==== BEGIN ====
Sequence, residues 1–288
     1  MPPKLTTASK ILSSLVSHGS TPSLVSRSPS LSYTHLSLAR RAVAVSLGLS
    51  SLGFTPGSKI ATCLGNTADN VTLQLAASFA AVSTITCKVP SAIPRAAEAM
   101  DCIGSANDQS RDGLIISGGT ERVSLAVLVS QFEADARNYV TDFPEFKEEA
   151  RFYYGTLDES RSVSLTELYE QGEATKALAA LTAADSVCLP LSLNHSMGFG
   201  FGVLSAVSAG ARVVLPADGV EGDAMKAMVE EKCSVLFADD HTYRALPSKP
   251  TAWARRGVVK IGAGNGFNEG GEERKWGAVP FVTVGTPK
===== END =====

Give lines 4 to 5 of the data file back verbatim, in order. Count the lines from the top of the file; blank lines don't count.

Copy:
   101  DCIGSANDQS RDGLIISGGT ERVSLAVLVS QFEADARNYV TDFPEFKEEA
   151  RFYYGTLDES RSVSLTELYE QGEATKALAA LTAADSVCLP LSLNHSMGFG